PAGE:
IT’s Role in the Automation of Everything

Rose de Fremery

Digital transformation is proceeding apace, upending business models and transforming entire verticals. Throughout it all, IT will continue to play a key role in the automation of everything from arcane, back-of-the-house business processes to a peerless customer experience. IT must be agile and dexterous enough to achieve these mission-critical goals while also adapting to its dual roles of technical troubleshooter and top-level business enabler. Here’s a look at IT’s role in the automation of “everything” and how it can succeed in the increasingly demanding information age.

IT’s Dual Roles: The Practical and the Transformational

IT leaders could be forgiven for feeling like they’re being pulled in two seemingly opposing directions at once. Still tasked with their traditional mandate of keeping the lights on and ensuring smooth day-to-day business operations, they must now expand into new—and in many cases uncharted—territory, as well, by spearheading innovative and disruptive automation initiatives within the company.

As the entire business comes to rely heavily on technology for its long-term competitive viability, IT can no longer afford for any of its processes to exist in isolation or apart from the rest of the company for fear that those processes may impede necessary business growth. Some IT leaders may find it worthwhile to foster external partnerships to cover the operations side of IT, which has become commoditized to a certain degree, so that they can adapt to their new responsibility of facilitating smooth and continuous digital transformation.

IT in the Age of Everything-as-a-Service

Concurrent with the shift in IT’s role is the growing centrality of technology solutions that are delivered as a service, with cloud providers assuming the burden of maintenance and updates while IT concerns itself with the tricky task of bringing the big picture together, integrating disparate platforms to create an organized, orchestrated whole—securely and cost-effectively.

The result is that IT leaders must possess a sophisticated understanding of the business and how it runs because their colleagues in other departments will depend on their expertise for the successful rollout and enhancement of solutions tailored to their unique and often specialized business processes. So, while IT is straddles two roles—the practical and the transformational—it must also house and cultivate a unique combination of hard skills, soft skills, and business acumen. That’s no small task for anyone with an organizational leadership role, particularly one operating with lean budgetary resources.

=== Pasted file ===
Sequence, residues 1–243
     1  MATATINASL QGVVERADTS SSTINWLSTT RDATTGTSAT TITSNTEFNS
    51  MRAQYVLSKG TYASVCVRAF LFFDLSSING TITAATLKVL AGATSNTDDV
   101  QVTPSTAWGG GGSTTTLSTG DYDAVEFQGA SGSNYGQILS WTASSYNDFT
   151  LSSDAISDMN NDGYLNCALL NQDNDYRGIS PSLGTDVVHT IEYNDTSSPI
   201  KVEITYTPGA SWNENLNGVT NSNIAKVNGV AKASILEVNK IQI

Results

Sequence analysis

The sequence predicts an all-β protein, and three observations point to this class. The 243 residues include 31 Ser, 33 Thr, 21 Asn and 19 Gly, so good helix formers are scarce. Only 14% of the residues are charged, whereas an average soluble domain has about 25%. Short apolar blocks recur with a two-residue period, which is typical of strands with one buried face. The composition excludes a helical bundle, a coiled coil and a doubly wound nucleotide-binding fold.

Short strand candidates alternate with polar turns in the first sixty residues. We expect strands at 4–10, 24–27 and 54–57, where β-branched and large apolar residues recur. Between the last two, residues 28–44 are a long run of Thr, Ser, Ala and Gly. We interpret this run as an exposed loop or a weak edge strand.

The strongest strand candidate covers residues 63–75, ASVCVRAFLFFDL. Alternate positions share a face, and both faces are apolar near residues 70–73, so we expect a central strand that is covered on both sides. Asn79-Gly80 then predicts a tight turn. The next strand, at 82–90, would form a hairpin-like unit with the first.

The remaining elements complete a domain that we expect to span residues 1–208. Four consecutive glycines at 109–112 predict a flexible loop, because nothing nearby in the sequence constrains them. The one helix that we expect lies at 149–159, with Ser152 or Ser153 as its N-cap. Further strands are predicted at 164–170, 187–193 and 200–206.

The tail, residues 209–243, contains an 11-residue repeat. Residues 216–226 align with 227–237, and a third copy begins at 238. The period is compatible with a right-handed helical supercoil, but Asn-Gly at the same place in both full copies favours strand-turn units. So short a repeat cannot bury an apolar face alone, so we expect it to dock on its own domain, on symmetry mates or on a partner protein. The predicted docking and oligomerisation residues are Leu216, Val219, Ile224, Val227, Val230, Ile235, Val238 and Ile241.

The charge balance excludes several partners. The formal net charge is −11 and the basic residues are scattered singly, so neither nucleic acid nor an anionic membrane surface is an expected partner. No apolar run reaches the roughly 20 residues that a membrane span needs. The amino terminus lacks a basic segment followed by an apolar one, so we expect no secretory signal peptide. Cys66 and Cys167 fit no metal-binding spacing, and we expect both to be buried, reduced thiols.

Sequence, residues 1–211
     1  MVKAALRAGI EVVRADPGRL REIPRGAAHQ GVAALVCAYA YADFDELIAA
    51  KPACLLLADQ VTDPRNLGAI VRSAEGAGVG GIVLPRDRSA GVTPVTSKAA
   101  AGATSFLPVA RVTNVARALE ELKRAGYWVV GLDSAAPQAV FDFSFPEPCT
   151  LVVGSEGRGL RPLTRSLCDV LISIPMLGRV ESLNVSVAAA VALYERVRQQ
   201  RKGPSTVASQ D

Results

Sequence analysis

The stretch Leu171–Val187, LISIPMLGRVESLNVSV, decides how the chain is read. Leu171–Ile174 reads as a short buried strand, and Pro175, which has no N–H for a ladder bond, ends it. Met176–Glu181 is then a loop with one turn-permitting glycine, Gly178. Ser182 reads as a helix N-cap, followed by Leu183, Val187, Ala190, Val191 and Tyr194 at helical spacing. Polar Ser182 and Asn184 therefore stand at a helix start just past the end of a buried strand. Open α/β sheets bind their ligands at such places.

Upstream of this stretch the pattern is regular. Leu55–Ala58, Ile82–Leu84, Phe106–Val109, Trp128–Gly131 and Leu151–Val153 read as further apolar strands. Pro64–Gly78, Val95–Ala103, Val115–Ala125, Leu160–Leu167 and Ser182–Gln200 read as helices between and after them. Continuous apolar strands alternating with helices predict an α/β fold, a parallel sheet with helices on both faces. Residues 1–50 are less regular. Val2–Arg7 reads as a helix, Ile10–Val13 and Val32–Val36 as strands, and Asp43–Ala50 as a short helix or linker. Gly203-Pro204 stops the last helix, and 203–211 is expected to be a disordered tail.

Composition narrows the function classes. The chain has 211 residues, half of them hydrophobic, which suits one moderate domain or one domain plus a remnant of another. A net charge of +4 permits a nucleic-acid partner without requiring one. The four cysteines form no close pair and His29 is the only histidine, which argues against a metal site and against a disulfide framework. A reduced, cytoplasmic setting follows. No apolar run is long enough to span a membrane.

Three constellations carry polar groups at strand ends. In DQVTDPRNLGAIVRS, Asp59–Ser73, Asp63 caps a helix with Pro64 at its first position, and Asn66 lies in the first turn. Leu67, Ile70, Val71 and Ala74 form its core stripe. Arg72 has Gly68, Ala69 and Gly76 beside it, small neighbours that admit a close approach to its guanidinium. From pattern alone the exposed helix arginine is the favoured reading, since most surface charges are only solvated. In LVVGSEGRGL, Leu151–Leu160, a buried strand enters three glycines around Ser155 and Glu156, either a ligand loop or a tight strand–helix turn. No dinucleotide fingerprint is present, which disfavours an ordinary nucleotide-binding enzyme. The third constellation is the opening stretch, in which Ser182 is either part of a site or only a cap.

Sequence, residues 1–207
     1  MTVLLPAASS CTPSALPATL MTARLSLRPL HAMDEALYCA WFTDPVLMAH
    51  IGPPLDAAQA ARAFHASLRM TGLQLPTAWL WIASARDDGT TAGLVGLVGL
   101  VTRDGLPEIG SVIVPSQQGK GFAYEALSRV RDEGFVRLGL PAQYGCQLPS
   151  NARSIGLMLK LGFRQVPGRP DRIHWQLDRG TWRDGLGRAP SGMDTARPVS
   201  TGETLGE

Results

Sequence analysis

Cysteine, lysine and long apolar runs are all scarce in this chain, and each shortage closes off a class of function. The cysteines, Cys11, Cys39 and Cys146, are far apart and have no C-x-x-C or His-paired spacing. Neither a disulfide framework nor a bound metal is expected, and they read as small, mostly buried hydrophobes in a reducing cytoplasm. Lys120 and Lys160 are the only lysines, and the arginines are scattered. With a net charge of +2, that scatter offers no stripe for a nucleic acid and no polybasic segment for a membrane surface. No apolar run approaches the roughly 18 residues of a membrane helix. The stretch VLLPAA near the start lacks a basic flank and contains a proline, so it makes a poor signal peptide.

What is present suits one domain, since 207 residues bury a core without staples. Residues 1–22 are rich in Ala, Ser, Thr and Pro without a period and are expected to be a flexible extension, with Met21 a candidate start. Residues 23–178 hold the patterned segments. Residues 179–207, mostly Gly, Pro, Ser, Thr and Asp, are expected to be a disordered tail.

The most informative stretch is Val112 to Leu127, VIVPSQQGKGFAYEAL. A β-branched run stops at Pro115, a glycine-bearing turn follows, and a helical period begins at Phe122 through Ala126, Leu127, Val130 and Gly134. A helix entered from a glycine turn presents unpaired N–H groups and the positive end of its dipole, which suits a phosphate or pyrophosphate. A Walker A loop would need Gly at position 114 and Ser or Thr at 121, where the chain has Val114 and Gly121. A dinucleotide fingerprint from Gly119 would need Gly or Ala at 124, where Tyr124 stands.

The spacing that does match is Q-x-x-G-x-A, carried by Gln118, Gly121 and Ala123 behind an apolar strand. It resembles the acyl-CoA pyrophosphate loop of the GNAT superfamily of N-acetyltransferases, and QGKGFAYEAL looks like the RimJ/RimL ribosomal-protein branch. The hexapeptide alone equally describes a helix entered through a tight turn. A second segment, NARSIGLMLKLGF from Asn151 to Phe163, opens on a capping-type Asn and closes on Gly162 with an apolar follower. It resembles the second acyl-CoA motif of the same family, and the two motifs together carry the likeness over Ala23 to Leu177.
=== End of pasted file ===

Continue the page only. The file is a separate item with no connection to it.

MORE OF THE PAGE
Enabling Organizational Agility Through Automation

How can IT meet these challenges? One path lies in enabling organizational agility. As Forbes reports, 68 percent of organizations point to agility as one of their most important initiatives. Accordingly, IT must create the capacity for ongoing digital transformation. To do so, IT can employ automation, identifying manual processes that may pose obstacles to this evolutionary step. Such transformation can be uncomfortable and even disruptive at times, but it is absolutely necessary.

Paper- or email-based workflows are an obvious target for potential scrutiny, as are the stubbornly persistent spreadsheets that ferry data from one system to another. Any point of manual data entry or re-entry is prone to human error and likely to consume an inordinate amount of staff resources, inhibiting the company’s ability to digitally transform in enough time to keep up with the competition. Today’s IT leaders should employ automation and artificial intelligence where possible to eliminate these resource bottlenecks—within IT teams as well as within the broader organization—freeing organizational resources that can then be channeled into bold innovations that move the business forward.

Embracing a Future-Ready Approach to IT

Undertaking digital transition can be thankless and, frankly, exhausting work. It’s certainly understandable if some IT leaders, having recently awakened to the reality that digital transformation will continue to affect their business not just this year or next but for the foreseeable future, are weary at the prospect of having to continually adapt to the changing demands of their job. Yet, there’s no avoiding the reality they face. So IT, to reach its own next stage of evolution successfully, must embrace automation and begin cultivating organizational agility now. IT leaders who do so find themselves well positioned to take full advantage of the many benefits that digital transformation, for all its challenges, ultimately makes possible.

How will your organization use automation to remain agile in the face of constant change? Tell us below in the comments.

By Rose de Fremery

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